“I wanted to be an Olympic champ,” he said. “I knew my best chance was in Greco. I never had a lot of success in Freestyle and Greco evens things out on the feet and turns it into a fight. That works for me.”
Anderson received extended duty to train for the 10 months prior to the Olympic Trials. He moved to Colorado Springs, watched a lot of video and worked out with the World Class Athlete program.
“I was submerged in training,” he said. “I improved by leaps and bounds. I needed to use the mental skills training because I needed to make up time. Most of the other guys had been wrestling Greco for years and I only had a matter of months. I used imagery to learn quicker, stayed really mentally focused and applied the techniques every day. I wrote down my goals every day. I visualized what I wanted and had a great routine before stepping on the mat.”
Although seeded seventh, Anderson felt confident coming into the Trials.
“My goal was to place first,” he said. “I was expecting great things. I felt that I was doing a little better at each competition and that I was peaking at the right time. I felt that it would be a good tournament.”
It was. He began by losing the first period against Marco Toledo in his initial match, but he came back to win 0-1, 1-0, 4-1. That victory earned him a meeting with Andy Bisek, who had qualified the 74 kg spot for the United States for the London Olympics and according to Anderson, was the favorite despite his number two seed.
“That might have been the best part of the tournament for me – gut wrenching Bisek,” Anderson said. “In the third I had to get the turn to win. He’s been pretty much unstoppable at the tournaments he’s been in. I hit a fake left, gut wrench right and secured the victory. I’ve been working on that, drilling that. It all came together for me in that match. I knew I needed a perfect match to beat him and I did it.”
Eventual champion Ben Provisor defeated Anderson 1-0, 1-0 in the semifinals, sending him to the consolation bracket. In his next bout, he dropped the first period 4-0 to Tanner Andrews of the USOEC.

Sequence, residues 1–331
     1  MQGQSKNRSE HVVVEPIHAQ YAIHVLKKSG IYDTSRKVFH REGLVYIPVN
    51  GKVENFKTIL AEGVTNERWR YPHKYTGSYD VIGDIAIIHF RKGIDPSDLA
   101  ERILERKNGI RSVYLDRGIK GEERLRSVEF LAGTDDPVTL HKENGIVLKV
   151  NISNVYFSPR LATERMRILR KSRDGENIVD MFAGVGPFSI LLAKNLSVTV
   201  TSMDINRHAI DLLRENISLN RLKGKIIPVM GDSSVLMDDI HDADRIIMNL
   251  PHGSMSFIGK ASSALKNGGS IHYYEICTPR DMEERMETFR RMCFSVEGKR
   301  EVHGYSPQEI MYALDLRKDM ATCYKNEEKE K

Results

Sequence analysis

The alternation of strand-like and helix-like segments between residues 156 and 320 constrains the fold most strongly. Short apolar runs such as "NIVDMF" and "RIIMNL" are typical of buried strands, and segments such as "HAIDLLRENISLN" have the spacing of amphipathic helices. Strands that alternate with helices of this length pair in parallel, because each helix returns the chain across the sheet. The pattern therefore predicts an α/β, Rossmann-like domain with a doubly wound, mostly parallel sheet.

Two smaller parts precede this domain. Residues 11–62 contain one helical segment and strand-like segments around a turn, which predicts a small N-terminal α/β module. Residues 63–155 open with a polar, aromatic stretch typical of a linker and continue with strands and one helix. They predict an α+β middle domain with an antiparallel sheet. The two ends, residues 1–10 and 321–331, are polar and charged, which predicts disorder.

“I lost to him at the Dave Schultz International in February so I had some vengeance to pay back there,” Anderson said. “I came out for business in the second period. I turned up the heat and stayed aggressive. I have a refocus technique that I used when down throughout the tournament. I told myself to ‘turn on the smokes’. I tried a few moves and eventually got in a scramble, got him off balance, caught him on his back and pinned him.”
Next up was the third place match, which had significant implications. With a win, Anderson would make the national team and be an alternate on the Olympic team. But even beyond that, a win would allow Anderson to stay in Colorado and train. Otherwise, he said he would “probably be back to a typical officer timeline” and would have to wait at least several months to get back to the Centennial State.
Anderson had lost the first period of each of his four matches to that point, but not in the bronze bout. Jake Fisher gutwrenched Anderson early, however the former West Point grappler reversed it and got the fall in 1:54. Third place was his.
“Fisher was the top guy at the weight for a long time,” he said. “I fell behind but stayed with it and put an end to it quickly. I finished the tournament right.”
Anderson now feels that he has the tools, both mentally and physically, to continue his rapid improvement in the Greco discipline.
“I’ll be attending all the Olympic team camps, improving every day,” he said. “I want to keep winning matches for the US Army and the United States. I want to be part of the Olympic experience. It’s a very valuable time right now.”
While focused on his goals on the mat, Anderson is also a Masters Student in Sports Psychology, as well as a husband and a father to a seven month old.
He credited his great support structure of “faith, family, friends and chain of command” for helping him. And of course, he is grateful for his mental skills training, especially with DeWiggins.
The pair has worked over time on the four-phase mental skills approach that begins with preparation well before an event, including setting goals and utilizing positive imagery.
Anderson can visualize himself on the Olympic podium.
“The work I’ve done with Steve [DeWiggins] has been a great asset to my life and training. Everything Steve and I have touched, from implementing battle drills to my Olympic dreams, has turned to gold. Now, I want to make that into a physical gold medal.”